AUDIE CORNISH, HOST:
In pop culture, movies especially, black holes are described as nightmarish vacuum cleaners, sucking up everything in reach - infinite darkness.
(SOUNDBITE OF FILM, "INTERSTELLAR")
MATTHEW MCCONAUGHEY: (As Cooper) It's all black. TARS, do you read me? It's all blackness.
CORNISH: That's Matthew McConaughey's astronaut character in the film "Interstellar." NPR's Rae Ellen Bichell has learned that black holes don't consume everything they draw in. Some shoot out particles and even put on light shows.
RAE ELLEN BICHELL, BYLINE: Jedidah Isler is a professional stargazer. As an astrophysicist at Vanderbilt University in Tennessee, she spends most days chipping away at the mysteries of the universe, one mystery in particular - how really big, overactive black holes work.
JEDIDAH ISLER: They are billions of times the mass of our own sun. I like to call them hyperactive in the sense that they are just taking on a lot more than an average black hole.
BICHELL: And those monster black holes tend to do something odd. They not only reject material, but they use it to put on a space version of a fireworks show, shooting out shredded stars and other things in a stream of lights and charged particles.
ISLER: Think of them as, like, cosmic water hoses that are spewing out all kinds of particles and light and all these things.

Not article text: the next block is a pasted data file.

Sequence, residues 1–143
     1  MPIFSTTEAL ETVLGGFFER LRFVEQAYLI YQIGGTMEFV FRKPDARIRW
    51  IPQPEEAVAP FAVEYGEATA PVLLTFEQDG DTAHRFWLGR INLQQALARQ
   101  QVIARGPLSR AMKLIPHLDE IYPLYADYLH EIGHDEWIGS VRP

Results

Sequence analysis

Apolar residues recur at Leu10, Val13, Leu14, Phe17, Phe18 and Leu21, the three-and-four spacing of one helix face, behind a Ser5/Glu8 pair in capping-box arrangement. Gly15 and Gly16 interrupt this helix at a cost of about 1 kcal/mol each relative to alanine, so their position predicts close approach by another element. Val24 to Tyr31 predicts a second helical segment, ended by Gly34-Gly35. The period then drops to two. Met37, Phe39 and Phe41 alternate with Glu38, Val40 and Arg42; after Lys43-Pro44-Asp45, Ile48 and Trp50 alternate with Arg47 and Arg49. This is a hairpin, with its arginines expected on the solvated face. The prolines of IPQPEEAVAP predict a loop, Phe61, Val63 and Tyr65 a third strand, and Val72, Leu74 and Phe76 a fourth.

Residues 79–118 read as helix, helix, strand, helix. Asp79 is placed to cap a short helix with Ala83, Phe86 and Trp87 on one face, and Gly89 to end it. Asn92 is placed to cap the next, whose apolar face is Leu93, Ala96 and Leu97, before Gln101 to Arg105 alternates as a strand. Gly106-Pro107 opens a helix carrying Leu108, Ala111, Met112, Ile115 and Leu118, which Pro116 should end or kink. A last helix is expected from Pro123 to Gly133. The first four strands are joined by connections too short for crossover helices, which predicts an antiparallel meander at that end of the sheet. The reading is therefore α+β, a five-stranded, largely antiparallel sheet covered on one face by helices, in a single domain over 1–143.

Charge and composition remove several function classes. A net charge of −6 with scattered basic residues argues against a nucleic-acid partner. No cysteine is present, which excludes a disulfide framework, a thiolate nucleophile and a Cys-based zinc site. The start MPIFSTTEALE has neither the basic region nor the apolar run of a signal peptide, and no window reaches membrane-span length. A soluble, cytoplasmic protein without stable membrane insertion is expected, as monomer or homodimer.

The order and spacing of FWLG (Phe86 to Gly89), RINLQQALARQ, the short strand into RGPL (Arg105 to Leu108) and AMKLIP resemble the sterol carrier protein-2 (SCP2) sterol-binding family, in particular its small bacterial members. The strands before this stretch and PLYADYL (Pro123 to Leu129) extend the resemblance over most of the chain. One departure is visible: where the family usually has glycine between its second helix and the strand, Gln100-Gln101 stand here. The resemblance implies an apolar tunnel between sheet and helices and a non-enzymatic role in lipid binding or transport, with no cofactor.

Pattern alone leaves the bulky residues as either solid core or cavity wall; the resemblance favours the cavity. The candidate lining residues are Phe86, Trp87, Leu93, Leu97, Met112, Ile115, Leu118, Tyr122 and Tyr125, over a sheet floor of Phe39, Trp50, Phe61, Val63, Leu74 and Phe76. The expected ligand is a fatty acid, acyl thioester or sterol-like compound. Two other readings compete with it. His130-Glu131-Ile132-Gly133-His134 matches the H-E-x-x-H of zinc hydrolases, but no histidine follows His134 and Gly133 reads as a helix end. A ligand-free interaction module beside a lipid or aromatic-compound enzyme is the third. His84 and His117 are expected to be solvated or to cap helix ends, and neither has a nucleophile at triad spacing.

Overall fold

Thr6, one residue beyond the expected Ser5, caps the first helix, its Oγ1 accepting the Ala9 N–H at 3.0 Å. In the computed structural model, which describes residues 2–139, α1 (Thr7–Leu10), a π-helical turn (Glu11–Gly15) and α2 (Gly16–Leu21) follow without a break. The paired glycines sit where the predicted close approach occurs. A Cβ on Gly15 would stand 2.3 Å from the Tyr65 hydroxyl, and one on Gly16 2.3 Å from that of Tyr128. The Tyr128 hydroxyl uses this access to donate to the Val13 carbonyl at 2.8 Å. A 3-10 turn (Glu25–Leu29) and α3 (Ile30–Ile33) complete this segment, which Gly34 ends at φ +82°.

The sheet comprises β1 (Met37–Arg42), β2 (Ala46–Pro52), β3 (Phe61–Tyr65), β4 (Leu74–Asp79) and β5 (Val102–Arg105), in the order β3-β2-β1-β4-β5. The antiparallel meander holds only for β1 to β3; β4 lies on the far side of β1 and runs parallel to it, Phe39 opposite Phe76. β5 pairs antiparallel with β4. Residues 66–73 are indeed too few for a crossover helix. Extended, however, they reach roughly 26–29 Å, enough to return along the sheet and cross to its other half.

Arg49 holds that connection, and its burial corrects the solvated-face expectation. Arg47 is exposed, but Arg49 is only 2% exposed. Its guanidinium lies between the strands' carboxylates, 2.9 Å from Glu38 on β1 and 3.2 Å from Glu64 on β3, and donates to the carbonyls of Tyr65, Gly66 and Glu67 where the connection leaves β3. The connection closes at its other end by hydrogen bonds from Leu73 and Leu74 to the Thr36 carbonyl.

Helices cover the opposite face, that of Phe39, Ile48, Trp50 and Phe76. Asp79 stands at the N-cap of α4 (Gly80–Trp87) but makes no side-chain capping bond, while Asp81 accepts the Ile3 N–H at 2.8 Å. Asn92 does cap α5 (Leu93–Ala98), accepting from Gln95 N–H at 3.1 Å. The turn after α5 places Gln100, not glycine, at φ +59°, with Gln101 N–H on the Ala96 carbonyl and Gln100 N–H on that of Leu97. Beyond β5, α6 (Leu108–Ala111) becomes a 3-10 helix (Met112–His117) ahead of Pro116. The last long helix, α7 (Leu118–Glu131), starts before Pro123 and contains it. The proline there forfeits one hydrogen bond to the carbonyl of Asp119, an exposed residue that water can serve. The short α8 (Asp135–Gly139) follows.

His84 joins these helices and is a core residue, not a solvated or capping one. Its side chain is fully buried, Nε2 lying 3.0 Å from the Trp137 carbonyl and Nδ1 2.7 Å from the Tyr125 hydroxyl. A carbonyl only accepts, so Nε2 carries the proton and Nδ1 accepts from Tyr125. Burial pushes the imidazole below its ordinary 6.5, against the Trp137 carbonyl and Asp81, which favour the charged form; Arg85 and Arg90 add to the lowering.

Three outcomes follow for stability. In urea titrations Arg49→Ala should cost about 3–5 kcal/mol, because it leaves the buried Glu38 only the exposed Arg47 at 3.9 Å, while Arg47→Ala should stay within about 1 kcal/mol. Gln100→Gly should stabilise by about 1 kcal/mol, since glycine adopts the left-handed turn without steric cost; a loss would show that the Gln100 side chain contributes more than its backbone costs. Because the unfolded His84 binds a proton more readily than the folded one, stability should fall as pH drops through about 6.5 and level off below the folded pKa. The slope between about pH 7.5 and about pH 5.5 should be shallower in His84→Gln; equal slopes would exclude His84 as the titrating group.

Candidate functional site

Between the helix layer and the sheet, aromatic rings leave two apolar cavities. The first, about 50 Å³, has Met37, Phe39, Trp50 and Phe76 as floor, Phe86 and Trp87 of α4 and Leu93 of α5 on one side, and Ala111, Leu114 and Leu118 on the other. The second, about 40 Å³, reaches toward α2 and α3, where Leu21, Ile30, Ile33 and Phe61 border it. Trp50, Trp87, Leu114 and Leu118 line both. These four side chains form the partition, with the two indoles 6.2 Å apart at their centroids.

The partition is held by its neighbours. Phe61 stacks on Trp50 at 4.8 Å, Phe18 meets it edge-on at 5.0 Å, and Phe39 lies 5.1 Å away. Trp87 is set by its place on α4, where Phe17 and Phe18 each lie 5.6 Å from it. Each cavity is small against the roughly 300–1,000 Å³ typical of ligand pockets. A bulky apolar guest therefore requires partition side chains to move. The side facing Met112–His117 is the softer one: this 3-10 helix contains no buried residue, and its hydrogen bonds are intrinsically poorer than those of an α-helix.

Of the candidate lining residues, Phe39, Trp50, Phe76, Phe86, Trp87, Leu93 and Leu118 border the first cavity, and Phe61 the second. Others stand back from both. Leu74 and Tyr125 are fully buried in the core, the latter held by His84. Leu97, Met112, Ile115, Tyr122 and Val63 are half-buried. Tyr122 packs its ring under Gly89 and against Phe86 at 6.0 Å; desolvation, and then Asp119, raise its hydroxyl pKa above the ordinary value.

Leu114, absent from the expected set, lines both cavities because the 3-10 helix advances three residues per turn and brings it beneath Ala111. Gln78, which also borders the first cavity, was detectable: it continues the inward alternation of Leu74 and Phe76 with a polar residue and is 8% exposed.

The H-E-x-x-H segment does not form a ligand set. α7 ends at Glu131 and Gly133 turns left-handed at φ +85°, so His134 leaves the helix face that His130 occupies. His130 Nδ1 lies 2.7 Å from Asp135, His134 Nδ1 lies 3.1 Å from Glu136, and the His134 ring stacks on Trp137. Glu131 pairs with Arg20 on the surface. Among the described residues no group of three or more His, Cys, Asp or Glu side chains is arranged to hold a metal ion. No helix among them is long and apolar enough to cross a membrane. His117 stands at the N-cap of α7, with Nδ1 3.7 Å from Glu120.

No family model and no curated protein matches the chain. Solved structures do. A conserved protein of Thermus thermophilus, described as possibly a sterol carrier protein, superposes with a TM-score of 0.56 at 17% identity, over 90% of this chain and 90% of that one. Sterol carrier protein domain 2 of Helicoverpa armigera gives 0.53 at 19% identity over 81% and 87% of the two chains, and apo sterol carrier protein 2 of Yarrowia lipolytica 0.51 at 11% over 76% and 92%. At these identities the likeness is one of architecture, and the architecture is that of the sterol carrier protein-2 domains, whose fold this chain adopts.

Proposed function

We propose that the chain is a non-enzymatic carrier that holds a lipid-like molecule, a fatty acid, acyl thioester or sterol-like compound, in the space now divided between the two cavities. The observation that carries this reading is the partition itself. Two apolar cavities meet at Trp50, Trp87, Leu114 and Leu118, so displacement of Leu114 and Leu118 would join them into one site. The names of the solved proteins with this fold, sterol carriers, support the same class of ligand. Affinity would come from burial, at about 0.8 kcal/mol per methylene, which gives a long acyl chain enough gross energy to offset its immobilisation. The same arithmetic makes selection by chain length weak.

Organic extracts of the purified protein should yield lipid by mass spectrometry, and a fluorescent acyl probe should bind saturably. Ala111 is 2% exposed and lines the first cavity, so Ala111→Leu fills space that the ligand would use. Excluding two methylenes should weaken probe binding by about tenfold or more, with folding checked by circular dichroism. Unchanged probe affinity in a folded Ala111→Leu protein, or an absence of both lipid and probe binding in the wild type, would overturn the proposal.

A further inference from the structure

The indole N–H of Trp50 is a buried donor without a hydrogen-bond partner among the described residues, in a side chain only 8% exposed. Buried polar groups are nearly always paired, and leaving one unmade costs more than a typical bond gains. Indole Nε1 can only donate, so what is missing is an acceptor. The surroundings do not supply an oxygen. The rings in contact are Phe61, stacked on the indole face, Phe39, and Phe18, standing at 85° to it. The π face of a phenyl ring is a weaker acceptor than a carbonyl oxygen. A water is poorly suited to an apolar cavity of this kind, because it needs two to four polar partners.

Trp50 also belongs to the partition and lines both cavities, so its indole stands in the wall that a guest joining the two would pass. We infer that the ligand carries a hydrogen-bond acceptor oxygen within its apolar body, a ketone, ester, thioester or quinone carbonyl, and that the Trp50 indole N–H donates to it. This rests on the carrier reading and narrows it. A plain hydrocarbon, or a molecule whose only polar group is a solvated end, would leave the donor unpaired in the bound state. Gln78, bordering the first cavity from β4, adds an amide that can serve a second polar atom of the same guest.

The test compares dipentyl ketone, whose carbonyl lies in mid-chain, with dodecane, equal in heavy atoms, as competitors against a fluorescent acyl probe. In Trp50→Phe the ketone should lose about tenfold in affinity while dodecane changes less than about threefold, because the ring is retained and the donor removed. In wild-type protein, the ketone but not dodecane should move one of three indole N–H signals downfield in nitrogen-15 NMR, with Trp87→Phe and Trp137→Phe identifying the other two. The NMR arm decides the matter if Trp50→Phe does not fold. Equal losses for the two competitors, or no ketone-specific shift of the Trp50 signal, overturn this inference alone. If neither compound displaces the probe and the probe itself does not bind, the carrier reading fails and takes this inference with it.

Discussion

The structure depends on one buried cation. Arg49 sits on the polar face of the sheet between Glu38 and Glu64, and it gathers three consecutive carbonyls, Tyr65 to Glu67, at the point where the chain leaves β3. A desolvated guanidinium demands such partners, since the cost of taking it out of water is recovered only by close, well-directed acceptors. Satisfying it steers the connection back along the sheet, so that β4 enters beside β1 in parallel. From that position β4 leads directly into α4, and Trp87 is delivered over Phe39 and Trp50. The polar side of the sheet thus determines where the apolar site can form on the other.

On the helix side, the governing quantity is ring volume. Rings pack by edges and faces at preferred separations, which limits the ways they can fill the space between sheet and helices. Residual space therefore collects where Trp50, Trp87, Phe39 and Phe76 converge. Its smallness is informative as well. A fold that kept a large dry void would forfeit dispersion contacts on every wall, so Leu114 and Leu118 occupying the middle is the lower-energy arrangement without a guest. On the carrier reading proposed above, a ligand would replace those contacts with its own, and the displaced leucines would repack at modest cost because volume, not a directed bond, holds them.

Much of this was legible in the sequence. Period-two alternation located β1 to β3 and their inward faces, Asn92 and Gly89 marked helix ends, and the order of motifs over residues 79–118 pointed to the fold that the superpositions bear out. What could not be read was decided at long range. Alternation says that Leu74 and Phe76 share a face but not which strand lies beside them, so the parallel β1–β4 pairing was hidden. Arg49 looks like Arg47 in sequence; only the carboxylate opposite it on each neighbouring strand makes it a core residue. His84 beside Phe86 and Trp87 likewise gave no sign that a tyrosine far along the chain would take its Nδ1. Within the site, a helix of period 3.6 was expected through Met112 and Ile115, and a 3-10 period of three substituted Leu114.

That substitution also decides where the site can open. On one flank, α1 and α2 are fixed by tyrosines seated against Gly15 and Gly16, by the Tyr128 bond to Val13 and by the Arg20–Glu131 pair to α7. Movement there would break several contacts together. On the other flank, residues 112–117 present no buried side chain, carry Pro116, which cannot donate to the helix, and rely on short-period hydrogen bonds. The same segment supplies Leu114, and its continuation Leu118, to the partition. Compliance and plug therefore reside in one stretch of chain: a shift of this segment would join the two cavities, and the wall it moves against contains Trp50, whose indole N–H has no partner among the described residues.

BICHELL: Those jets sling material out in some of the most powerful particle streams ever observed. Theoretically speaking, if an unlucky planet happened to cross paths with one of those jets, Isler says it would not be pretty.
ISLER: It'd basically destroy the planet completely.
BICHELL: Isler's specialty is blazars, also known as blazing quasars - or hyperactive, monster black holes with jets pointed toward a familiar part of the universe.
ISLER: Basically pointed at the Earth, not to sound too dramatic (laughter).
BICHELL: Special telescopes developed in the last few years have spotted a few thousand of them.
ISLER: Thankfully, they are far enough away that they are not going to have any negative impact on us as human beings. But they do serve as really interesting laboratories to understand these really exotic systems.
BICHELL: Isler is using data from big telescopes to investigate what makes a monster black hole throw jets of material into space.
ISLER: They are able to accelerate particles to 99.99 percent of the speed of light. How does that happen?
BICHELL: If she and her colleagues can figure out how these natural particle accelerators work, they may begin to understand the physical laws that guide these bizarre black holes and maybe a lot of other things out there because, Isler says, it isn't just blazars that can do this trick of pulling things in and then flinging them out.
ISLER: That process happens at many different scales across the universe with many different systems.
BICHELL: For example, when planets form, they pull material towards them and tend to shoot it out in jets, just on a much smaller, weaker scale than blazars. Isler says it's something nature seems to do really well.
ISLER: There may be some way that this process is universal in our cosmos.
BICHELL: And these supermassive, hyperactive black holes could lead the way to figuring that out.
Rae Ellen Bichell, NPR News.
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